Amid sanity calls, sale of torchlight, swords spike

IMPHAL, 2nd Dec: Even as animal rights groups, youth organisations and social activists appealed for exercising maximum restraint, reports of unknown species attacking poultry birds and small animals have triggered panic buying of sharp weapons for defence and torchlight.
Yening Animal Foundation (YAF), Khurai Lamlong, which has been collecting information regarding target on domestic animals by unidentified predators, said that it has installed CCTV cameras with night vision at some places to capture footages of the 'predator'.
In a statement, YAF informed that they have confirmed some incidents of attacks during their survey at different places where the attacks were reported.
Urging the government to take up necessary steps to soothe the nerve of the panic public, YAF appealed to the people to stop further circulation of fake information and support YAF in finding out the truth.
However, demands for torchlight and swords have reportedly increased in the market in the last few days as people want to protect themselves from the attacks of the unknown predators.
In a survey conducted by this daily in Khwairamband market, more specifically at Paona International market, the sale of a sword imported from Myanmar known as Baton sword and long distance torchlight used by military personnel, has spiked up.
A store which used to sell only 4-5 swords in a day earlier is now selling more than 10 swords daily.
Worried over public frenzy and apprehension on the attacks, People for Animals (PFA), Manipur has said that involvement of big pet dogs cannot be ruled out in the attack on domestic animals/fowls by unknown predators as reported from different parts of the state.
PFA also claimed of possessing evidences of involvement of small wildlife like civet (Moirang Sathibi), Feret Badger and jungle cat in the attacks on domestic animals/fowls.
According to a PFA statement, CCTV cameras were installed at a particular site at Chingmeirong where attack on livestock occurred twice recently to confirm footmarks of dogs collected in the first incident. Footage collected from CCTV cameras installed at this particular site by a team led by DFO Central RK Amarjit and PFA confirmed that a big pet dog attacked and bit fowls. Footage collected from a private CCTV camera and photos uploaded on social media of wildlife killed by public at different places of the state also confirmed involvement of Mustelid group wildlife like Civet, Feret Badger and Jungle cat in the attacks on domestic animals/fowls.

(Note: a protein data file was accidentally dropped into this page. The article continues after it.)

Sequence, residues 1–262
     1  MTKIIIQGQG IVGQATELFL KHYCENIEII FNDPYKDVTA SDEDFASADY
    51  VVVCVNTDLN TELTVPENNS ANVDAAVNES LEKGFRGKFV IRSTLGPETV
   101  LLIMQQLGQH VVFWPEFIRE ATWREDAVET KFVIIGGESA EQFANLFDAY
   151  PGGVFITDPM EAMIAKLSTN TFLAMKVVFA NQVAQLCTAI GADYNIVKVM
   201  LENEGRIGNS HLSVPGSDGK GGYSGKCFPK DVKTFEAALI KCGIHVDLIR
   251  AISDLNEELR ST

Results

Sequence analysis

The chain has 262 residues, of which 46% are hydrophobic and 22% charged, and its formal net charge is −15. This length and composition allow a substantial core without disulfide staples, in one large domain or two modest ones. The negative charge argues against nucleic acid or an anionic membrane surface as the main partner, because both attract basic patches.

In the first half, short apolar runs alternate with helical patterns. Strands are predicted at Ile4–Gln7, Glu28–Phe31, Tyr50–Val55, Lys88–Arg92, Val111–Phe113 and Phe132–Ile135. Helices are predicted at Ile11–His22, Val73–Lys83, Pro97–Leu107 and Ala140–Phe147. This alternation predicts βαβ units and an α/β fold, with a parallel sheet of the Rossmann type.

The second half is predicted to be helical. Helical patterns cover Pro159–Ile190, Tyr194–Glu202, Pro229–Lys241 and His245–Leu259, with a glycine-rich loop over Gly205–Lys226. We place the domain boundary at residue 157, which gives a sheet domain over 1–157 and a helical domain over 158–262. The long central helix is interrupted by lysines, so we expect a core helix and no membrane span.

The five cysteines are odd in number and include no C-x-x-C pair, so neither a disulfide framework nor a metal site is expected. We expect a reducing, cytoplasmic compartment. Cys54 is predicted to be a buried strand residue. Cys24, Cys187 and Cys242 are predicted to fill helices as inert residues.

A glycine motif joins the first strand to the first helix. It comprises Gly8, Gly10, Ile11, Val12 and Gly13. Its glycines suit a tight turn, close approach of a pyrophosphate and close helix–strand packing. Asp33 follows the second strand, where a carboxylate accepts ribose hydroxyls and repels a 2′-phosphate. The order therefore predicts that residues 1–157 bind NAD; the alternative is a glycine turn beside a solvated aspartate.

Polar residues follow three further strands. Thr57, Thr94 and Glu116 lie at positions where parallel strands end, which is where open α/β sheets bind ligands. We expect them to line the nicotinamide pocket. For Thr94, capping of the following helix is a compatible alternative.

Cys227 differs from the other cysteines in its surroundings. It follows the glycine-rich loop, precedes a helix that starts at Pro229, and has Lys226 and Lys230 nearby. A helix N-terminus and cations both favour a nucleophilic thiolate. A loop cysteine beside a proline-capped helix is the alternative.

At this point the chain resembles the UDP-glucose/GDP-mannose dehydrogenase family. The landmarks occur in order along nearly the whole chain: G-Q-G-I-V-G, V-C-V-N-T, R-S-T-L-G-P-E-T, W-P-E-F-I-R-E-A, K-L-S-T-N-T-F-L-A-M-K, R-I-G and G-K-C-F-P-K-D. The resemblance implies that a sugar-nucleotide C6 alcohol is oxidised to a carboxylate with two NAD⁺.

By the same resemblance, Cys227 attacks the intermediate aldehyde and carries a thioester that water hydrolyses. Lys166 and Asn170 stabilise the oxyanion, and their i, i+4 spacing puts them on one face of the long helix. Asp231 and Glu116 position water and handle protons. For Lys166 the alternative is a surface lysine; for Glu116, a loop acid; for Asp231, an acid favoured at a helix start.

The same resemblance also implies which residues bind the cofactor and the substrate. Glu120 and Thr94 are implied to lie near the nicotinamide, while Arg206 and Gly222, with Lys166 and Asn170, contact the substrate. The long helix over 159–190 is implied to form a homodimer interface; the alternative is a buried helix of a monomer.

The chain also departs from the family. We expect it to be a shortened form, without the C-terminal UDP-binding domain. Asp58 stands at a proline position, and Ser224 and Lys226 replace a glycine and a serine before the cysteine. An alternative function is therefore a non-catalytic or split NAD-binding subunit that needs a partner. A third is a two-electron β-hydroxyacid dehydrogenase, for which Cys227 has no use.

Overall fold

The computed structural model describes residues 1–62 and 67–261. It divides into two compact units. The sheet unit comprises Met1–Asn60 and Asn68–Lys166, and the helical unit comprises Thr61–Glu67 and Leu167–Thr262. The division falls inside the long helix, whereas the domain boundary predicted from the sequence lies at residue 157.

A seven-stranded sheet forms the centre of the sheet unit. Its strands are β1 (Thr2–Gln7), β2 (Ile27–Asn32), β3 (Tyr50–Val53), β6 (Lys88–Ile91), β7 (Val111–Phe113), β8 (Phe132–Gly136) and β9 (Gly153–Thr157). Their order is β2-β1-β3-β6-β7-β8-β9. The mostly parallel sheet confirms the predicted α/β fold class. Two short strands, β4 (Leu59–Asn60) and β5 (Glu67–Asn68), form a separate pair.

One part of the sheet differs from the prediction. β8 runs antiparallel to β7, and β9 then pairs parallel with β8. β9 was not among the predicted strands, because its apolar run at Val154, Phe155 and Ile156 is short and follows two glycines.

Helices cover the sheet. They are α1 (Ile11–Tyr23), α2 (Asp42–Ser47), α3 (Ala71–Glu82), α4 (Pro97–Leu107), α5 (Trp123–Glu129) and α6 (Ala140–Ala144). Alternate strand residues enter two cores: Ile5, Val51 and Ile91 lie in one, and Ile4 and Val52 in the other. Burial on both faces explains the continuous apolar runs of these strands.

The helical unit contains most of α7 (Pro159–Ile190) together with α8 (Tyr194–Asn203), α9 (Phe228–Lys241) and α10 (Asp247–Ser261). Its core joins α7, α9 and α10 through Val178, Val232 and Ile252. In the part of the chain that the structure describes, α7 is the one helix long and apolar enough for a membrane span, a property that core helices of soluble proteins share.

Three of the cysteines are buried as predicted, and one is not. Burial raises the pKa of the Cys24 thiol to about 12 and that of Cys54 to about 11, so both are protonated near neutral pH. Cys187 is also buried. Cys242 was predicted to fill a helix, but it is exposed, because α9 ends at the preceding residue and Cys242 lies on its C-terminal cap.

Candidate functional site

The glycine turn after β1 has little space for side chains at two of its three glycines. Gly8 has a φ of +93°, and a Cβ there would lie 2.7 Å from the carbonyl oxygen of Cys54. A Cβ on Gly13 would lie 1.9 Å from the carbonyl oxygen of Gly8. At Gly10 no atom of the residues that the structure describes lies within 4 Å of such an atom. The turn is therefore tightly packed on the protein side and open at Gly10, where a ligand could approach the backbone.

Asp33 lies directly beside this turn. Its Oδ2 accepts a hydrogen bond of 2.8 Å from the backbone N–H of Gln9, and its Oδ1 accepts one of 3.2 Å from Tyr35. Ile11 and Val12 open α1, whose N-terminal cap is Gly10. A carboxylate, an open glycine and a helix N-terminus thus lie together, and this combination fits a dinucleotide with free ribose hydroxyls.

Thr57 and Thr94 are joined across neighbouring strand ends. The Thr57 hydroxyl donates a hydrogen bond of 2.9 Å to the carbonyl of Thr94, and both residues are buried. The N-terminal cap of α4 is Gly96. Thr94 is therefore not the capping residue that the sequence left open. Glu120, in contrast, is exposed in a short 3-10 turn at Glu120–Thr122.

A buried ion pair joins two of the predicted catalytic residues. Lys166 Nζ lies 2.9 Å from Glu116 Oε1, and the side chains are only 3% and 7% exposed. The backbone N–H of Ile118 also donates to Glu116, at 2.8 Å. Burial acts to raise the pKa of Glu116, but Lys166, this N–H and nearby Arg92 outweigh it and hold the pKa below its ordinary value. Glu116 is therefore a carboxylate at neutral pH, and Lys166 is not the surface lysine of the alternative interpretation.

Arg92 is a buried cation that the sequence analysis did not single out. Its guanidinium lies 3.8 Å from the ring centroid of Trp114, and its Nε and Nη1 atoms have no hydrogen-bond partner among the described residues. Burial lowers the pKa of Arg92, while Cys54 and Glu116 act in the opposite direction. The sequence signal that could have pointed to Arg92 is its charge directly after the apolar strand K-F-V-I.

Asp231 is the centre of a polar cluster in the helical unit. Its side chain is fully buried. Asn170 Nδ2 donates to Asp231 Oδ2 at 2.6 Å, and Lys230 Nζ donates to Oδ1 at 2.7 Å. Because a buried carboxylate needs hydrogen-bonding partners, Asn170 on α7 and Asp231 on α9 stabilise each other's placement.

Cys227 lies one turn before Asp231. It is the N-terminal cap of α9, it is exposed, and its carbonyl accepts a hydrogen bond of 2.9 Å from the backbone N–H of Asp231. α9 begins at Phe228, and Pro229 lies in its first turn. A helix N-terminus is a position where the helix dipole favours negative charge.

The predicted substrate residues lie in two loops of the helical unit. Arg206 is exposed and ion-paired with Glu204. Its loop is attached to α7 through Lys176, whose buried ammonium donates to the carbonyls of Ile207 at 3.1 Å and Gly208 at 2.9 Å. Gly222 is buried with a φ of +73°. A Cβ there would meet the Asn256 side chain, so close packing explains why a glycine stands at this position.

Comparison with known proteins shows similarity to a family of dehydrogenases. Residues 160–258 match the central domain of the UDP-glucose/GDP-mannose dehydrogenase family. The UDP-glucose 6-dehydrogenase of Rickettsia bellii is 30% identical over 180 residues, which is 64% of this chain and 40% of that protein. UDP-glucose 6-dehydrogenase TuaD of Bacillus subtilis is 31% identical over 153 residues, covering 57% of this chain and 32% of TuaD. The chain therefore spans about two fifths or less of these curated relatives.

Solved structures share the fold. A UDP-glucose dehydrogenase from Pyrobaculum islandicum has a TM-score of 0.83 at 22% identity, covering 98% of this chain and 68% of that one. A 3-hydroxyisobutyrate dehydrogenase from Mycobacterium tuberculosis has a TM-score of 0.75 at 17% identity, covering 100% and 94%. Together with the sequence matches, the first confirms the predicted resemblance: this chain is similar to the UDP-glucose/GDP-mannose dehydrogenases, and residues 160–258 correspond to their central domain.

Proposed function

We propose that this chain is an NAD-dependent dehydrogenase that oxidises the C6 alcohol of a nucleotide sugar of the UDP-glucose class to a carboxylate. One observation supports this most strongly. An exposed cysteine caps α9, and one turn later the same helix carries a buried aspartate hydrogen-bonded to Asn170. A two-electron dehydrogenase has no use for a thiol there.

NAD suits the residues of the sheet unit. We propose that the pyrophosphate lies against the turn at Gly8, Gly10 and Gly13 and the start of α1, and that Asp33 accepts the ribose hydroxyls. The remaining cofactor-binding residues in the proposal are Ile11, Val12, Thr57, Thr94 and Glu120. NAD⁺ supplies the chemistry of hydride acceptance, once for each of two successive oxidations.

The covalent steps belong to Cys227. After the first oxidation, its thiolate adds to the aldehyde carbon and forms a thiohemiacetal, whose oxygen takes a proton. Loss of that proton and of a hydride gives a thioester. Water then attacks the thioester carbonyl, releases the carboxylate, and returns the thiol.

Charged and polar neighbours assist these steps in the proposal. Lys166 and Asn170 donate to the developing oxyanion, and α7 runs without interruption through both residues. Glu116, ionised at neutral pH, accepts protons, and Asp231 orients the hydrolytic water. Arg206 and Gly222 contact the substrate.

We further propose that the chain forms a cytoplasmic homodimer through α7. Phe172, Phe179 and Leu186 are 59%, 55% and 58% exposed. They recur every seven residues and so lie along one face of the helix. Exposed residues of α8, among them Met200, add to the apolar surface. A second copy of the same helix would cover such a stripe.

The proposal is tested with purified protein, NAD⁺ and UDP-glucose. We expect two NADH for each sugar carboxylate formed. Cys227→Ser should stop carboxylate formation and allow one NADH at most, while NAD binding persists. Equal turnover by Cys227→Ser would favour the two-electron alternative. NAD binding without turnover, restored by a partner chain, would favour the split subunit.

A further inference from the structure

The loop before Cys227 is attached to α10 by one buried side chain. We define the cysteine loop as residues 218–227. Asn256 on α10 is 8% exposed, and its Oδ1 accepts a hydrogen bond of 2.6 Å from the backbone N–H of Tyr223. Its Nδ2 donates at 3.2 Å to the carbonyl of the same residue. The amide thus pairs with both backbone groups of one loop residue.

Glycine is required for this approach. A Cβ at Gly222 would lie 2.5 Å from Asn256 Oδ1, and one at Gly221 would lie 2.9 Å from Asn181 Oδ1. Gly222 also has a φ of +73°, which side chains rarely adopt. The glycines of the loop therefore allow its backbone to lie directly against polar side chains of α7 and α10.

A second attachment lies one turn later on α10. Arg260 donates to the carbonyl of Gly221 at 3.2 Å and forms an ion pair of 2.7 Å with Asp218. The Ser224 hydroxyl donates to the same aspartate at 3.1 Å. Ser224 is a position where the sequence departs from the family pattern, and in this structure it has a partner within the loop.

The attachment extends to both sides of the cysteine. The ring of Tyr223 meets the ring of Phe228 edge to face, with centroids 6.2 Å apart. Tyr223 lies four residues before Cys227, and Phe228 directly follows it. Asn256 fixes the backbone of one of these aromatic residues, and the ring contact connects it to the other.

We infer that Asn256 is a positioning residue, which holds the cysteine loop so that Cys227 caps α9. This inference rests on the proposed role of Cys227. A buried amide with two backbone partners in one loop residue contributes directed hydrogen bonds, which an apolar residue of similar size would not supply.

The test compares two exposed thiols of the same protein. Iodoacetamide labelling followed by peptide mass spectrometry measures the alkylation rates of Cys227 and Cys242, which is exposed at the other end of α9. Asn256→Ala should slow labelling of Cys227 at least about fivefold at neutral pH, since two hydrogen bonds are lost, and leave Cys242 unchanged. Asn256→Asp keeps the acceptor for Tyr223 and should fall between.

While assuming that domestic animals like dogs and cats would have eaten leftover of animals/fowls attacked by Civet, Feret Badger and Jungle cat, PFA appealed to public not to panic by incidents of attack on domestic animal by unknown predators.
On the other-hand, social scientist Dhanabir Laishram has stated that incessant uploading of manipulated videos and pictures of the unknown predator along with baseless rumours is fuelling the fear psychosis sparked by animal attacks in the state.
On one side, every night many people are hunting for the unknown predator with whatever weapons they can find whenever someone cries wolf; while on other side, there are many people who are busy spreading rumours, he noted.
In this regard, Dhanabir said that amidst news of livestock being attacked in the dead of the night, there has been a huge rise in the upload of doctored and fake videos, stories on social media platforms. Such videos have now become more terrifying instead of the real predator that is attacking the livestock. Children, whose parents work late, are living in fear. The people are now in a state of panic and anxiety when evening sets in, he observed.
Appealing to all concerned not to upload or circulate such fake news/rumours, he urged the state government to take requisite steps to quell the people’s fear.
Suggesting that nocturnal animals that have lost their habitat owing to deforestation could be behind the attacks on livestock, Dhanabir opined that predators that are more dangerous could also leave the safety of the forests and start hunting in human territory, "if we do not stop clearing the forestland".
Further maintaining that convergence of an anxious crowd armed with guns and swords every night could lead to unwanted incidents, the social scientist urged the state government to pay serious attention on such convergences and to take up requisite steps on the same.
Chipping in on the animal attacks, Environmental Conservation Network (Eco Network) observed that the series of killing of domestic animals and fowls which is being witnessed might be due to destruction and degradation of natural environment in the name of developmental projects.
A release issued Eco Network convener Kh Rebati Raman pointed out that large scale deforestation is taking place for the construction of power grid lines, railway lines, road expansion, construction of mega dams, exploration and exploitation of natural resources, etc., as a result of which natural habitat of wildlife and food chain is seriously disrupted.
The release conveyed that the organisation is concerned over the loss of livestock and appealed to the government to survey how much livestock have been lost and to provide adequate compensation to those who have suffered the loss.
The organisation reaffirmed that targeting of domestic animals by wild animals is an impact of human’s greed in the name of development which carelessly destroyed their natural forests and habitats where the wild animals are dependent.
The release further appealed to the people and government of Manipur to take steps to rejuvenate and restore the destroyed forests while adding that this will help in prevention of such misfortunes in the long term.

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